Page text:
Improve Quality of Service: Controlling Interference

Published: 02/14/2022

By Antti Kervinen, Markus Lehtonen, and Alexander Kanevskiy

Kubernetes* workloads are divided into three quality of service (QoS) classes: 

  • Guaranteed workloads get the CPU and memory they request.
  • Burstable workloads get at least the minimum they request.
  • BestEffort workloads share what is left. 

But, a deeper look into Kubernetes nodes reveals that some performance-critical resources are always used in the BestEffort manner by all workloads. For example, high-priority workloads cannot take priority over others even when that is badly needed. But some workloads run with less effort than BestEffort, meaning throttled.

We concentrate on three resources that have been "best effort for all" until the recent versions of two container runtimes, CRI-O and containerd: storage I/O bandwidth, memory bandwidth, and CPU cache. We start by showing how to prioritize and deprioritize use of these resources. Then we generalize the approach to include these and similar resources under the extended umbrella of Kubernetes QoS.

Example of Controlling Interference

Consider the example of three workloads that are scheduled on a node in a Kubernetes cluster.

  • 911: A performance-critical, low-latency workload that must run without disruptions whenever needed.
  • Flower delivery: A user service that meets the service level agreement.
  • File system scanner: One of the node background integrity checks. It's heavy on I/O when running, but not time-critical.

There are two ways to tune these workloads. First, ensure that the 911 workload has more bandwidth and higher priority than all other workloads. Second, throttle the file system scanner to control how much it can disturb other services on the node.

Exclusive Resources and High Priority

The 911 workload runs on exclusive CPU cores. We configure them using the static CPU manager policy in kubelet (the Kubernetes node agent). If more detailed control of CPU cores were needed (for example: making sure that they are close to the same memory controller or some other devices such as GPUs) a container runtime called Container Runtime Interface Resource Manager (CRI-RM) can be used.  

Figure 1 illustrates an Intel® Resource Directory Technology (Intel® RDT) configuration with a class that has an exclusive portion of an L3 cache and unrestricted memory bandwidth. We assign the 911 workload to this RDT class using the RDT pod annotation.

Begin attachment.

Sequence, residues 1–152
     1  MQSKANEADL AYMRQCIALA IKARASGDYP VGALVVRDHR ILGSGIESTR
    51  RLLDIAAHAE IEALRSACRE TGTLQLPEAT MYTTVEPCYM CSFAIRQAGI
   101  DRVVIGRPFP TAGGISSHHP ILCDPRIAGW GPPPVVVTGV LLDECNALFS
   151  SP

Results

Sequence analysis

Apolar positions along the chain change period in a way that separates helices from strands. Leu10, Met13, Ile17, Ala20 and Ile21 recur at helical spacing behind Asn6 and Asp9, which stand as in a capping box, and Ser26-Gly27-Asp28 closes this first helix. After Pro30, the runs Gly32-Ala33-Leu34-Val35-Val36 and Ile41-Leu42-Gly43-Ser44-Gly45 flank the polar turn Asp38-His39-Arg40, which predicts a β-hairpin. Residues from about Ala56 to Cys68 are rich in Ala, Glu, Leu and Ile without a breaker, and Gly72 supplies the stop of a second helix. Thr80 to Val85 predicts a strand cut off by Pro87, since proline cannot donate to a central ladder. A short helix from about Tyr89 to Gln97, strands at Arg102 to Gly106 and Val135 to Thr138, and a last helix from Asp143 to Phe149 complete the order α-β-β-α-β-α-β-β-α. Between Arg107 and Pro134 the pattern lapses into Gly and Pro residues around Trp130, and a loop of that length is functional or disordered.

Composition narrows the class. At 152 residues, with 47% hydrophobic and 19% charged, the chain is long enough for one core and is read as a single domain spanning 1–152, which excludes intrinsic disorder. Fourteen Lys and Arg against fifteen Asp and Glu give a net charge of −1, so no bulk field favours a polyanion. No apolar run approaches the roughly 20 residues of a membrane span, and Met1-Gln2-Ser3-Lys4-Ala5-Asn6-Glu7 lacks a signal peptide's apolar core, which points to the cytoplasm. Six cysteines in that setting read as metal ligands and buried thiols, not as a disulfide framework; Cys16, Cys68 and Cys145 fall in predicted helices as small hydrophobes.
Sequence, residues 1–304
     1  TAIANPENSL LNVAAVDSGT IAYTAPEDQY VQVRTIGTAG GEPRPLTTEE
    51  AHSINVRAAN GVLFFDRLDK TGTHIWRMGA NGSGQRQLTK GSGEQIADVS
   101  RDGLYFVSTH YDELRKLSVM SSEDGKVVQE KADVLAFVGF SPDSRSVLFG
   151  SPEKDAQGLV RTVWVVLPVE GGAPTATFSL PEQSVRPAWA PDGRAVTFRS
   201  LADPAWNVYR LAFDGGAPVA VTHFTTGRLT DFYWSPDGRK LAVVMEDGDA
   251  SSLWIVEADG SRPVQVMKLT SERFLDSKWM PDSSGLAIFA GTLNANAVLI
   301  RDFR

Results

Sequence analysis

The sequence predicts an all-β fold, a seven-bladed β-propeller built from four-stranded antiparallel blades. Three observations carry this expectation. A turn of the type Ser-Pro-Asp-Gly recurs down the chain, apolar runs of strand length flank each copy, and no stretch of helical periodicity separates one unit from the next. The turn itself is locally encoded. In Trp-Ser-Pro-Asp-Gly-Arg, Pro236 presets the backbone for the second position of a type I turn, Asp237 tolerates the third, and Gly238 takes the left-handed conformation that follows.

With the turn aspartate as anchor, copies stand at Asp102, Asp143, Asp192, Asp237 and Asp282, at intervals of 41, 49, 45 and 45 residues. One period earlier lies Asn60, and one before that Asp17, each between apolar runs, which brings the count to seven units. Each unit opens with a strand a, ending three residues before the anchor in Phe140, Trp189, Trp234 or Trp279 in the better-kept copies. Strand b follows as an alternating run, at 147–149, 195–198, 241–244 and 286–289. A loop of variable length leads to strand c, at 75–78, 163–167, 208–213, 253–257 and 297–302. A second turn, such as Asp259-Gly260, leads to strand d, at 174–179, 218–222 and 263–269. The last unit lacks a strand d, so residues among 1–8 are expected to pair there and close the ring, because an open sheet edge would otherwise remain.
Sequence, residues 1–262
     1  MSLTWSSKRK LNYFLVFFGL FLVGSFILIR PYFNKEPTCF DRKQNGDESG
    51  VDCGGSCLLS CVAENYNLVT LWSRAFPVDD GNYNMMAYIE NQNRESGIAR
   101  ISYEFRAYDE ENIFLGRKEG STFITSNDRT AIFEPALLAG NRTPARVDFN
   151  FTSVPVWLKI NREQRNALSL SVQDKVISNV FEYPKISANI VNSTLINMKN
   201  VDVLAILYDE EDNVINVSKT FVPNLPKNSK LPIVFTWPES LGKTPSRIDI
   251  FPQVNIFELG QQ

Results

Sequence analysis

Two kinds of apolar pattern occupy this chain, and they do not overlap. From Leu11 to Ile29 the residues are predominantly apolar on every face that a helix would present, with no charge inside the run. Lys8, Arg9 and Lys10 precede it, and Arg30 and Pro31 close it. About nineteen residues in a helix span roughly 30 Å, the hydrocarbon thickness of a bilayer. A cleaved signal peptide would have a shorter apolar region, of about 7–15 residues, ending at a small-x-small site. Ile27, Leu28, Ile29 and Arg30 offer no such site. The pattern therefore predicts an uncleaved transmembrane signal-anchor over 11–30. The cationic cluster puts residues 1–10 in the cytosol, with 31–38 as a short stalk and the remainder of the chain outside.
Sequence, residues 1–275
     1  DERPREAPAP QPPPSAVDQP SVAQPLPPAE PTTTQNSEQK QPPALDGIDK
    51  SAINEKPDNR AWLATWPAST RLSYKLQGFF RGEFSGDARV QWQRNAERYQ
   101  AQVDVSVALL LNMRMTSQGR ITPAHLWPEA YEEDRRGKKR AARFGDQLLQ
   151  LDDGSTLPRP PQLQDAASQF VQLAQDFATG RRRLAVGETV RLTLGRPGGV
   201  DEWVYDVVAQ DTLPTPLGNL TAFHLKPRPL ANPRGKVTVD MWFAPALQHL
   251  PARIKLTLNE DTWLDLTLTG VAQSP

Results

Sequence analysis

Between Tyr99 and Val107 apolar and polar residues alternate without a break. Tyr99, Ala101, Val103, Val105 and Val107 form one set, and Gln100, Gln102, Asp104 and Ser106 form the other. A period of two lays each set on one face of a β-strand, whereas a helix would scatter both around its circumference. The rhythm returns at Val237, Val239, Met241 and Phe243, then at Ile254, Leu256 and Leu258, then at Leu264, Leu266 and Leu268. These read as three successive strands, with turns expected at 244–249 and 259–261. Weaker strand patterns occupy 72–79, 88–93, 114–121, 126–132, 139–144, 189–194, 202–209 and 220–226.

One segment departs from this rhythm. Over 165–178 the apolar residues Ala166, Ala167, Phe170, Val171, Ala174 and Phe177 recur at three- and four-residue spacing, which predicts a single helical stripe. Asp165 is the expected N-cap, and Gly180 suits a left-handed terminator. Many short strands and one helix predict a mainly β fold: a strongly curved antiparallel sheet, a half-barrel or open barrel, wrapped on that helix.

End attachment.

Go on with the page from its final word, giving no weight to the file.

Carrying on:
Let's now make the storage I/O priority of the 911 workload exceed the priority of all other workloads. Use an I/O scheduler (such as Budget Fair Queueing [BFQ]) that supports priorities and assigns the workload to a blockio class that has higher blockio weight than all others, including the default blockio weight. See Figure 1:


  annotations: highprio highprio




    l3Allocation: "80%"

    mbAllocation: ["100%"]



        l3Allocation: "100%" # this class gets all the cache in this partition




    - weight: 400

Figure 1: High priority RDT and blockio configuration of the 911 pod.

Throttling and Low Priority

As shown in Figure 2, define the CPU utilization limit for the file system scanner workload by setting the Kubernetes CPU resource limits. In the throttling configuration, set the limit to 25% of CPU core time.


  annotations: throttledmembw lowpriothrottle





        cpu: 250m





    l3Allocation: ["20%"]

    mbAllocation: ["20%"]



        mbAllocation: ["100%"]




    - devices:

      - ...

    throttlereadbps: 60M

    throttlewritebps: 40M

    weight: 40

In the figure, limit the memory bandwidth of the file system scanner by assigning it to an RDT class with memory bandwidth allocation. By default, it uses all the bandwidth it can get (shares bandwidth equally with the 911 and flower delivery workloads). In the example configuration, the memory bandwidth is limited to 20%. We also restrict L3 cache usage to 20% (since 80% was exclusively allocated to the highprio RDT class introduced in Figure 1).

The file system scanner storage I/O is throttled by its blockio class. Throttling parameters allows you to limit bandwidth and the number of read and write operations. Our example configuration throttles read bandwidth to 60 MB/s and write bandwidth to 40 MB/s.

Hardware and Software Dependencies

To use RDT and blockio classes as previously discussed, follow these hardware and software requirements:

  • Linux*
  • RDT classes